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NHS staff fear speaking out over crisis in English hospitals


Nine months ago, Boris Johnson praised staff at St Thomas’ for saving his life. Now, a senior intensive care nurse at the London hospital has warned that patient care is being compromised because of staff shortages and a failure to plan for the second Covid wave.

Dave Carr, an intensive care charge nurse, is one of many NHS workers desperate for the public to know what is going on inside their hospitals at a time when misinformation and scepticism about the virus are rife.

“The public needs to be aware of what’s happening. This is worse than the first wave; we have more patients than we had in the first wave and these patients are as sick as they were in the first wave. Obviously, we’ve got additional treatments that we can use now, but patients are still dying, and they will die,” said Carr.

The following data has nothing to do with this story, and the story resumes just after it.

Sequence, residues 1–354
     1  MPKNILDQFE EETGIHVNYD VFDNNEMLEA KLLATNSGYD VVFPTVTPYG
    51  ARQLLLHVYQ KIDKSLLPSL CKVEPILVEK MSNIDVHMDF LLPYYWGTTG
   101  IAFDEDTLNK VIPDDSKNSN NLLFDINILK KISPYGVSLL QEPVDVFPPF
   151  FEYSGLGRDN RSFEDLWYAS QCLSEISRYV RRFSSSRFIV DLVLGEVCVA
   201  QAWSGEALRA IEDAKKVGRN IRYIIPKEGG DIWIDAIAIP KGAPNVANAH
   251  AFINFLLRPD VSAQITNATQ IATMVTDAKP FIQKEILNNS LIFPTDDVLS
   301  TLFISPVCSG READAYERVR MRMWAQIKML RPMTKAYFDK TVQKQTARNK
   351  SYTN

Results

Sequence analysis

As a representative for the union Unite, Carr feels emboldened to speak out. But across the NHS, many more staff claim they have been threatened with disciplinary action or even dismissal if they put their head above the parapet.

In Devon, one nurse working on a Covid ward said safety standards had slipped at her hospital, but she feared for her job if she was identified by name. “The infection control restrictions are more relaxed. Before, we had to use a separate entrance but now we don’t, and some doctors feel they don’t have to obey the infection control protocols and are still unsure of how to properly remove the PPE,” she said.

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Source: The Guardian, 1 January 2021

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